Cycle to Work Day Is Back

The Cycle to Work Day to raise awareness about cycling safety takes place for the second successive year this coming Friday, 9 May.

The ride will start at 07h00 in the parking lot in front of Maerua SuperSpar and will cover a route of 21,5km in and around Windhoek before once again finishing at the starting point.

According to the secretary general of the Namibian Cycling Federation, Gerrit van Schalkwyk, who initiated the project last year, the route has been changed a bit from last year.

“This year the route will focus more on the Western Bypass, because it’s such a dangerous road for our cyclists and we want to create more awareness and visibility here. So the cyclists will turn off before Katutura onto the Bypass, going down to the Van Eck Power Station before returning to the city centre via Robert Mugabe Avenue,” he said.

According to Van Schalkwyk, last year’s campaign was very successful, drawing about 200 cyclists and raising the profile of cycling in Namibia.

“Last year’s Cycle to Work Day definitely had a huge impact. It started our Cycling Awareness Campaign and we were invited to the opening of the Sustainable Urban Transport Master Plan (SUTMP) where I handed over a petition on cycling safety to the Minister of Works and Transport. We could also make inputs at the SUTMP discussion of which a large part is dedicated to non urbanised transport,” he said.

Van Schalkwyk said they had brought the Cycle to Work day forward by one week so as to also accommodate school children who are still on holiday, while he hoped to once again attract at least 200 people.

“We’ve also invited the bicycle squad of the City Police to join us while the traffic police will accompany the cyclists.

Van Schalkwyk said they hoped to raise more awareness through aertising and signboards on major roads.

“We want to raise awareness of cycling safety and at the moment we are in discussions with the Ministry of Transport about erecting aertising boards on all roads leading out of Windhoek,” he said.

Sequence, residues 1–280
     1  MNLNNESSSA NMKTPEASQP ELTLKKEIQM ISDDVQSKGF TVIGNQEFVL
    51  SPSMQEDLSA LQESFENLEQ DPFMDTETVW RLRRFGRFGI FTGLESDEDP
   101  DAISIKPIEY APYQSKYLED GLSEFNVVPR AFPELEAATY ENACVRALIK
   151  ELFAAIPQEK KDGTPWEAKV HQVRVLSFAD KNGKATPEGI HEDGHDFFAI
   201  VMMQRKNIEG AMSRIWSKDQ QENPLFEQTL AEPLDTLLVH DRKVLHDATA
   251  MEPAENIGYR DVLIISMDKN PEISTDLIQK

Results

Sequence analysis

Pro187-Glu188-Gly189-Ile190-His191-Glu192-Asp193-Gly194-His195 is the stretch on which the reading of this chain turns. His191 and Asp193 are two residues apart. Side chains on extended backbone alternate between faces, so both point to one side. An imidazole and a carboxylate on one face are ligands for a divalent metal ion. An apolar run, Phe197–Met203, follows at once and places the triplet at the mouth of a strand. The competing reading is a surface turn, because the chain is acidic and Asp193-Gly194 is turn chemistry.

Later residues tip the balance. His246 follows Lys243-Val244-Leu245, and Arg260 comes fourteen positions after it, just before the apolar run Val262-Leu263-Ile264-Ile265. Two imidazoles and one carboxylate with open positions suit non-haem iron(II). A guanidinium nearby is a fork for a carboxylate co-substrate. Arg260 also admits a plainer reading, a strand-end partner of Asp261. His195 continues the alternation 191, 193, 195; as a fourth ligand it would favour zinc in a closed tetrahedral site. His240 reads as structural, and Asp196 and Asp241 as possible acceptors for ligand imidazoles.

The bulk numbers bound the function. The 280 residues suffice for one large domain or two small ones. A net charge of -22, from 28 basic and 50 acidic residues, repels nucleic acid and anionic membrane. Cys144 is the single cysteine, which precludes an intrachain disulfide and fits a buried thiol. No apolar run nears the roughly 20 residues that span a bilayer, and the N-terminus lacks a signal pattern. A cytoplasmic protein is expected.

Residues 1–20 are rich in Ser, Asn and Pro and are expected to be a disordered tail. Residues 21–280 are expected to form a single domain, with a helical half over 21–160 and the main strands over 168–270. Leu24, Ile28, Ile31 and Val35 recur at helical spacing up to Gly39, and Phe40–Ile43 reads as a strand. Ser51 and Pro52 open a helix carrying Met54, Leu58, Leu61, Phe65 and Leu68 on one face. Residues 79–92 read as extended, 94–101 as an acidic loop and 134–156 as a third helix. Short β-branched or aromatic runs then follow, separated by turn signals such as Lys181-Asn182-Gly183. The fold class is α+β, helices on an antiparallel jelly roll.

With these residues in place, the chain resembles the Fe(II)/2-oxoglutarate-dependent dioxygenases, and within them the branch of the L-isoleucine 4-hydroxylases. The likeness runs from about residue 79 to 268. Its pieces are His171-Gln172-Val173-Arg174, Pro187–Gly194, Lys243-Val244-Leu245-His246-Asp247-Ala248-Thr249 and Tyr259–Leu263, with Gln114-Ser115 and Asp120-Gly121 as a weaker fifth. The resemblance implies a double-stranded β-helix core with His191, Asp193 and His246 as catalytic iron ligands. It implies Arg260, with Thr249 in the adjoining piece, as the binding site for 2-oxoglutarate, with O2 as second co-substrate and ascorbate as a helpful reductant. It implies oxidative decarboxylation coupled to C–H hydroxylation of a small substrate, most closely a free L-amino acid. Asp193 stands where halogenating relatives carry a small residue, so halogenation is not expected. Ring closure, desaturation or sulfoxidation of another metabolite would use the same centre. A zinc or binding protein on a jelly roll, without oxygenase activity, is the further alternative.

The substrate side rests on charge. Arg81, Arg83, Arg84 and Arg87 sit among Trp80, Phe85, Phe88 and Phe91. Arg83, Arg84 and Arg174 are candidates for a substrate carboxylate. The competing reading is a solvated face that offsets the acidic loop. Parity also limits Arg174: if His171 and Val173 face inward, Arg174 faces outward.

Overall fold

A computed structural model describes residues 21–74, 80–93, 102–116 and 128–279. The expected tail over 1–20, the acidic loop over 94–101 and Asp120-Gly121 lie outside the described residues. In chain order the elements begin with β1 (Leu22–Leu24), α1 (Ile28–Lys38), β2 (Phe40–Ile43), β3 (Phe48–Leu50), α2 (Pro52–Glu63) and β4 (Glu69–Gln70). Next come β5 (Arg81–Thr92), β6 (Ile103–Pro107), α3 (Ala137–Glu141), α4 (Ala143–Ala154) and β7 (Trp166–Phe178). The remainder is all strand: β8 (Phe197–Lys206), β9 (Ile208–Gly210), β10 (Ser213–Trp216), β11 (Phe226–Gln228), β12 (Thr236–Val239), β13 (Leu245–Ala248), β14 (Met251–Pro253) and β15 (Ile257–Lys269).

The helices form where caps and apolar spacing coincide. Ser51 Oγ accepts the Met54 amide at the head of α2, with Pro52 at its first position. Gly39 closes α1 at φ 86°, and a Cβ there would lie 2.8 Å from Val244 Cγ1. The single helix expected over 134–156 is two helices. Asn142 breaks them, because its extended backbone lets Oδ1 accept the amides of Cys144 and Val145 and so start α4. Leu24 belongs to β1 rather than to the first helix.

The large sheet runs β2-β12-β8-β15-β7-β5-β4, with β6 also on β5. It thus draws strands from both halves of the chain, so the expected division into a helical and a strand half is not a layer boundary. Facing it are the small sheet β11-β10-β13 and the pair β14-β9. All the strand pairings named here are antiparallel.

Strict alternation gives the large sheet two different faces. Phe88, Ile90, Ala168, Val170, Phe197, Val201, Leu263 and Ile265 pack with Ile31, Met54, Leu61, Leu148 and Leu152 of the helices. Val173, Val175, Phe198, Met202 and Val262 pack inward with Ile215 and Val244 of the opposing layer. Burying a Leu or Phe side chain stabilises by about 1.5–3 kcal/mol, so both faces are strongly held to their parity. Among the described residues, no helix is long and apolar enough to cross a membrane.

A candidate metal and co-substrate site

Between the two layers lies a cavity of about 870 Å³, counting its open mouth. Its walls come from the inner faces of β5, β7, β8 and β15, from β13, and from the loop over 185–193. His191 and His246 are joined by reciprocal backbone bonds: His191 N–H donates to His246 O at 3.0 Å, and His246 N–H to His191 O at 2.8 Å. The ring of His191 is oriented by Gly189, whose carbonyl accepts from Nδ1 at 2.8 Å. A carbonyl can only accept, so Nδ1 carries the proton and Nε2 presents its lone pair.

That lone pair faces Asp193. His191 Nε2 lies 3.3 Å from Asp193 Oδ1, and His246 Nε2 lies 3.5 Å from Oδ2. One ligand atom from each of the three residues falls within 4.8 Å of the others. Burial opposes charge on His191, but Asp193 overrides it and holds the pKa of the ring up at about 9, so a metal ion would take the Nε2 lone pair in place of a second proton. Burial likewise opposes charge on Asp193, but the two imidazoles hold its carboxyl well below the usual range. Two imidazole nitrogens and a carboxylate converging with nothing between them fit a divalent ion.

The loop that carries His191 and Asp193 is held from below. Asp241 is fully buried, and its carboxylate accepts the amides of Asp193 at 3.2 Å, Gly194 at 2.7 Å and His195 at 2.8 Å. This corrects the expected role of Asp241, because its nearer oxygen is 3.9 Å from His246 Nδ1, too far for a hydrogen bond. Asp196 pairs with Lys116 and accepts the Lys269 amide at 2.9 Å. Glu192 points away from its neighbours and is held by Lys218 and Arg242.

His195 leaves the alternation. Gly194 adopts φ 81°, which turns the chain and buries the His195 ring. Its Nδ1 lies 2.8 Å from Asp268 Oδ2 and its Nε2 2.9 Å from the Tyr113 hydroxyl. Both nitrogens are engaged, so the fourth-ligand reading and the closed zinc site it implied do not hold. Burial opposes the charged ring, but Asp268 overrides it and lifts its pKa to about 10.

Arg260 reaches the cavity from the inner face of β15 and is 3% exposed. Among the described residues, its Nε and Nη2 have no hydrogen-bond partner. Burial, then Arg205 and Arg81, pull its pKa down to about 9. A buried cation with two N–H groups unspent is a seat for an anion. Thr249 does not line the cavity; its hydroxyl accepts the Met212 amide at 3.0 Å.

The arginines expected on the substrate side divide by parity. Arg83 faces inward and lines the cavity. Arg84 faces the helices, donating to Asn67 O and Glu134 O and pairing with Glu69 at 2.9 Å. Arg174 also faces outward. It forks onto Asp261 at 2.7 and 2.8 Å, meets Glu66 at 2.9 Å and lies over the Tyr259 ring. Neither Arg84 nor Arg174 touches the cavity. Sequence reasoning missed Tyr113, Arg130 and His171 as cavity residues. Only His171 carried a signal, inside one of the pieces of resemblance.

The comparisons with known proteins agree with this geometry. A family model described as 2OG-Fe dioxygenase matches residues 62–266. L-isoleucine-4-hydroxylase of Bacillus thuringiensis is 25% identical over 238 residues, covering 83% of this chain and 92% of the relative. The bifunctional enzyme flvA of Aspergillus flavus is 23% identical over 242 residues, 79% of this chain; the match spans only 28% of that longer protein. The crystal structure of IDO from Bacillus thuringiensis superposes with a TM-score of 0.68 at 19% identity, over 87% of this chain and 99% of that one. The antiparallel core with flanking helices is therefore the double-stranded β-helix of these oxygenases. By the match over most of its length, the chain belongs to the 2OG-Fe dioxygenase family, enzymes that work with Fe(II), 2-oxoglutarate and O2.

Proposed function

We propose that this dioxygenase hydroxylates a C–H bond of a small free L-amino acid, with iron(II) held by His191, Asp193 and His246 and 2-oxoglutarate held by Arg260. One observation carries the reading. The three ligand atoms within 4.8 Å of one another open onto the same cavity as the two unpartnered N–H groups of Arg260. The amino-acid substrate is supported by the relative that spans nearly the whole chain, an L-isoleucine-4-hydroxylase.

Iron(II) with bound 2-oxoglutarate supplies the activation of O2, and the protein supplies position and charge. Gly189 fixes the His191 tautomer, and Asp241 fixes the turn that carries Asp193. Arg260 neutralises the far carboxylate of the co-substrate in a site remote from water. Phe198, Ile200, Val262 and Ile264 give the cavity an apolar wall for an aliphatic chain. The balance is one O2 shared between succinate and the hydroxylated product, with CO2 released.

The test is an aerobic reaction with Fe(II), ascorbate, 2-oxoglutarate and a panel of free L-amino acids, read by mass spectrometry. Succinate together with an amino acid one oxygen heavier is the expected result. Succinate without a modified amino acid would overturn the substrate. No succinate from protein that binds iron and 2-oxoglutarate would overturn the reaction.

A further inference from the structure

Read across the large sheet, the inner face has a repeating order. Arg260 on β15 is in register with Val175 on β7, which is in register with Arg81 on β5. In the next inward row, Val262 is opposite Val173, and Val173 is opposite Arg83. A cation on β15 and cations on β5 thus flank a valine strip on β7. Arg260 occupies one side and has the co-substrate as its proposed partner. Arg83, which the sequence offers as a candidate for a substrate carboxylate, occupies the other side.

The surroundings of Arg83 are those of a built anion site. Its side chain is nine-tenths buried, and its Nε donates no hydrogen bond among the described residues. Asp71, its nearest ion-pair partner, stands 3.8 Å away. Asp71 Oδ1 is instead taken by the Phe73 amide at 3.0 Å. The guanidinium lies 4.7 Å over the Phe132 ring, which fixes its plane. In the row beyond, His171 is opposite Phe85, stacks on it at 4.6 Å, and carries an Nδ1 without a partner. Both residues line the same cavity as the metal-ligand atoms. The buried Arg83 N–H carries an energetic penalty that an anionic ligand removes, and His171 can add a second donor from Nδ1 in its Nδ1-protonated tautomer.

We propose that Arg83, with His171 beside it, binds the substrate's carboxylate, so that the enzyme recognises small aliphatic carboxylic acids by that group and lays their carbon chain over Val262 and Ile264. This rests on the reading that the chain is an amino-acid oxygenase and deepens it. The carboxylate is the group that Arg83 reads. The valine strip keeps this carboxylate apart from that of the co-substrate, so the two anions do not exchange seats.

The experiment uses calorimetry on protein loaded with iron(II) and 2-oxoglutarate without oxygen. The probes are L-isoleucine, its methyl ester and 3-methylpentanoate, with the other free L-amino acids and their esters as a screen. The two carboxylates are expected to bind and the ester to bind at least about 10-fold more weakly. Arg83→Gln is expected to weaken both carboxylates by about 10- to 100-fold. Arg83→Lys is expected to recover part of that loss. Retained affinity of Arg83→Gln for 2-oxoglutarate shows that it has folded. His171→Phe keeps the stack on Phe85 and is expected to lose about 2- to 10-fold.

“Cycling lanes are not high on the agenda of the SUTMP and will only get attention later so that’s why we want to put up visibility signs,” he added.

SUTMP progress

Meanwhile, the SUTMP that was implemented in October last year in order to develop a sustainable and affordable transport system for greater Windhoek, should become more visible later this year.

According to Immanuel Shipanga of the German development agency, GIZ, that is working with the Ministry of Works and Transport and the City of Windhoek on the project, 2014 will see projects and jobs taking place behind the scenes, while the construction of some Non Motorised Transport (NMT) infrastructure projects will be started by the end of the year.

Shipanga added that the first parts of the required equipment will be purchased this year.

“In order for a gradual transformation of the bus system, for example, the first buses of a new state-of-the-art fleet will be bought this year. With some optimism, we will see them roaming our streets by the end of the year,” he said in an update document of MoveWindhoek, the organisation behind the SUMPT.

Shipanga however cautioned against unreasonable expectations and wasted resources.

“It would be counter-productive to rush and quickly build as many cycling lanes and pedestrian crossings as possible – without knowing what social, economic and environmental consequences, for example, a new bicycle lane through a suburb will have, it is highly likely that such projects become “white elephants”.

“As the SUTMP report has outlined, it will be a long-drawn and open-ended process which requires a lot of holistic, thoughtful and sensitive planning – no one wants to realise in five years’ time that the bicycle lanes that have been built do not fulfil the requirements of a rapidly increasing population, or that pedestrian bridges cannot be kept functional as needed experts to maintain them are missing,” he said.

Source : The Namibian